From the results of various trials discussed above, it can be deduced that the reduced blood albumin levels is the underlying mechanism responsible for accumulation of subcutaneous oedema in goats with swelling disease. It therefore follows that any condition / factor that contributes to a lowered blood albumin level, could be a predisposing factor for swelling disease. The following factors could all contribute to a lowered blood albumin level, and indirectly to the development of swelling disease:
1. Protein deficiency – reduced production of plasma proteins
- Low quality feed (low digestibility, low % crude protein)
- Low feed intake (only irrigated pastures – too high moisture content of feed)
- Low protein absorption from the intestines (intestine mucosa damaged by parasites or coccidia)
- Interference with metabolism of plasma proteins
2. Increased protein loss
- Physiological protein loss: Mohair production
Loss through intestinal tract
Loss through urine
- Increased permeability of capillary membranes: Allergic conditions Infectious diseases
- Internal parasites: Brown stomach worm (Ostertagia circumcincta)
Hair worm (Haemonchus contortus)
Conical fluke (Paramphistomum)
- External parasites: Ticks
- Blood parasites
- Other pathological conditions
3. Any stress inducing condition
- Dipping, castrating
- Inclement weather
- Competition for food
- Change of feed
Wiese (1990) aimed to investigate the following hypothesis regarding swelling disease: Angora goats either have too low fat reserves, or they are unable to mobilize their fat reserves quickly enough to maintain their blood glucose levels during stress conditions. Thus gluconeogenesis is started, but with the poor muscular development of Angora goats, the source for gluconeogenesis would primarily be the albumins in the blood plasma.
However, Herselman (1995) reported results that suggest the opposite to the above-mentioned hypothesis. Trials relating to hardiness of different small stock breeds were conducted in which blood parameters of mature Angora goat, Boer goat, Dorper sheep, Merino sheep and Namaqua Afrikaner sheep were monitored over a period of five weeks, including a seven day fasting period. Blood levels of glucose, non-esterified fatty acids, ketones, total plasma proteins, plasma albumins and albumin : globulin were measured for a five week experimental period. All breeds, including the Angora goat, had mobilized fat reserves during the fasting period. Furthermore, total plasma proteins, plasma albumins and albumin : globulin remained virtually constant throughout the seven day fasting period. These results therefore proofed that Angora goats do not use blood albumin as source for gluconeogenesis during feeding stress conditions. As fasting is a drastic stress condition, it can be deduced that Angora goats would also be able to mobilize their fat reserves, instead of blood albumins under other types of stress conditions. This would obviously not held true for goats which have very little or no fat reserves, such as kids some months after weaning.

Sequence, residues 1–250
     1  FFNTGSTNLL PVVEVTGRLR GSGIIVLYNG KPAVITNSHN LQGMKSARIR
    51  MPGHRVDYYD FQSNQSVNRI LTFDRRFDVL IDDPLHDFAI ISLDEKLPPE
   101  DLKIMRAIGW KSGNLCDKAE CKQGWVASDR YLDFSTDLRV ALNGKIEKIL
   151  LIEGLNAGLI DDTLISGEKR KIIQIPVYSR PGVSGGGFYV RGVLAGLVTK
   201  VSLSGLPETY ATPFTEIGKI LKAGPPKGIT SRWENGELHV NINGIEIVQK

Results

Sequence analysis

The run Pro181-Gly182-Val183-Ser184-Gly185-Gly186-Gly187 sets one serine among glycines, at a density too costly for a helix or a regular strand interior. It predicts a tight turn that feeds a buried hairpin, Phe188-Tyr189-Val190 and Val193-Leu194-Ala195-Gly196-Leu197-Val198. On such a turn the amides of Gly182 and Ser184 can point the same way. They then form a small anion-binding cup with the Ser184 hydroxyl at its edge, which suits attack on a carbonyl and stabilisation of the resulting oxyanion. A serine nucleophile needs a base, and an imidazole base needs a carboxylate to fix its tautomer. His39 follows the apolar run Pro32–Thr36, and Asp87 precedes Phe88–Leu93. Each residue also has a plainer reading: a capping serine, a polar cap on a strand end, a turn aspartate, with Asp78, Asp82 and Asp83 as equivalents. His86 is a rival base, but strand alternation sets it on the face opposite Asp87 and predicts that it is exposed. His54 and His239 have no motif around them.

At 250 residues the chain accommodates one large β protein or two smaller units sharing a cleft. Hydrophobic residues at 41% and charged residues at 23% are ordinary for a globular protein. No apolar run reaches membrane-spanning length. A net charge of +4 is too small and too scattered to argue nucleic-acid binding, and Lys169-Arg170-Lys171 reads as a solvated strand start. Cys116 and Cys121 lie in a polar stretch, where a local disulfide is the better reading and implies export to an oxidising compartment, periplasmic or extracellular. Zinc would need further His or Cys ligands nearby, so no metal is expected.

Taking into account all factors discussed above, as well as the lack of any scientific proof for or against any of the possible contributing factors, the following approach will be followed with the intended research project:
The project will be carried out in four parts.
The first will dealt with identifying the causative agent/s responsible for swelling disease. This part in turn, will consists of three phases:
Phase 1 – Profile of goats affected with swelling disease
Phase 2 – Infection of animals with various bacterial strains obtained from post mortem animals
Phase 3 – Induction of swelling disease through application of various predisposing factors
The second part of the study will focus on the evaluation of different treatments of the disease.
In the third part, data on all swelling disease cases available at the Middelburg Provincial Veterinary Laboratory for the past 20 years will be analysed.
The fourth part of the study will comprise literature studies into related diseases / conditions in other animal species, to determine any similarities with swelling disease in Angora goats.
With regard to investigating the genetics of the disease, as stated in the resolution accepted at the mohair congress, this would not be possible before the exact cause and mechanisms involved in the disease have been clarified.
The project will run for a period of five years. If any significant results are obtained before that, the project will be terminated at that stage.
Any Angora producers who experience swelling disease outbreaks, are kindly requested to contact Dr Gretha Snyman at Tel no. 049 842 1113 during office hours.